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Proceedings. Biological Sciences

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https://www.readbyqxmd.com/read/28794224/increased-prenatal-maternal-investment-reduces-inbreeding-depression-in-offspring
#1
Kate E Ihle, Pascale Hutter, Barbara Tschirren
Inbreeding depression refers to the reduction of fitness that results from matings between relatives. Evidence for reduced fitness in inbred individuals is widespread, but the strength of inbreeding depression varies widely both within and among taxa. Environmental conditions can mediate this variation in the strength of inbreeding depression, with environmental stress exacerbating the negative consequences of inbreeding. Parents can modify the environment experienced by offspring, and have thus the potential to mitigate the negative consequences of inbreeding...
August 16, 2017: Proceedings. Biological Sciences
https://www.readbyqxmd.com/read/28794223/novel-host-plant-leads-to-the-loss-of-sexual-dimorphism-in-a-sexually-selected-male-weapon
#2
Pablo E Allen, Christine W Miller
In this time of massive global change, species are now frequently interacting with novel players. Greater insight into the impact of these novel interactions on traits linked to fitness is essential, because effects on these traits can hinder population existence or promote rapid adaptation. Sexually selected weapons and ornaments frequently influence fitness and often have heightened condition-dependence in response to nutrition. Condition-dependence in response to different ecological conditions, a form of developmental plasticity, may be responsible for much of the intraspecific variation in sexually selected ornaments and weapons in wild populations...
August 16, 2017: Proceedings. Biological Sciences
https://www.readbyqxmd.com/read/28794222/a-new-giant-titanosaur-sheds-light-on-body-mass-evolution-among-sauropod-dinosaurs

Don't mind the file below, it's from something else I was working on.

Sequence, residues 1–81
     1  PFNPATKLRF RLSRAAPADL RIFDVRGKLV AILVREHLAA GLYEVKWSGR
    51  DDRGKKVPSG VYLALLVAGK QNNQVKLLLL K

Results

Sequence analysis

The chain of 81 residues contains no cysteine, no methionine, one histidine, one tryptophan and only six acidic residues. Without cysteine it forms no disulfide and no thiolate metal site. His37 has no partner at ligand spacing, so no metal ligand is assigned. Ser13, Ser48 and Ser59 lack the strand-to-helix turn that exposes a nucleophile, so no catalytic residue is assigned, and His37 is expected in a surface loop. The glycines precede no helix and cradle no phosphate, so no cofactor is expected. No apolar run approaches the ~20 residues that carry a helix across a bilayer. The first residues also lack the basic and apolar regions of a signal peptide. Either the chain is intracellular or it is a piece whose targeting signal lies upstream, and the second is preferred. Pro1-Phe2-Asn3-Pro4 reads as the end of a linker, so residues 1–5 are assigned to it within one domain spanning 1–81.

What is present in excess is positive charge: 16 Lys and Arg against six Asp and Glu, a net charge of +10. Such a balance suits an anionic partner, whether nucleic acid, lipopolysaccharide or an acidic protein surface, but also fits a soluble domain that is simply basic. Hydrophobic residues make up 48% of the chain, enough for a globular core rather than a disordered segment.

#3
José L Carballido, Diego Pol, Alejandro Otero, Ignacio A Cerda, Leonardo Salgado, Alberto C Garrido, Jahandar Ramezani, Néstor R Cúneo, Javier M Krause
Titanosauria was the most diverse and successful lineage of sauropod dinosaurs. This clade had its major radiation during the middle Early Cretaceous and survived up to the end of that period. Among sauropods, this lineage has the most disparate values of body mass, including the smallest and largest sauropods known. Although recent findings have improved our knowledge on giant titanosaur anatomy, there are still many unknown aspects about their evolution, especially for the most gigantic forms and the evolution of body mass in this clade...
August 16, 2017: Proceedings. Biological Sciences
https://www.readbyqxmd.com/read/28794221/revised-time-scales-of-rna-virus-evolution-based-on-spatial-information
#4
Moritz Saxenhofer, Vanessa Weber de Melo, Rainer G Ulrich, Gerald Heckel
The time scales of pathogen evolution are of major concern in the context of public and veterinary health, epidemiology and evolutionary biology. Dating the emergence of a pathogen often relies on estimates of evolutionary rates derived from nucleotide sequence data. For many viruses, this has yielded estimates of evolutionary origins only a few hundred years in the past. Here we demonstrate through the incorporation of geographical information from virus sampling that evolutionary age estimates of two European hantaviruses are severely underestimated because of pervasive mutational saturation of nucleotide sequences...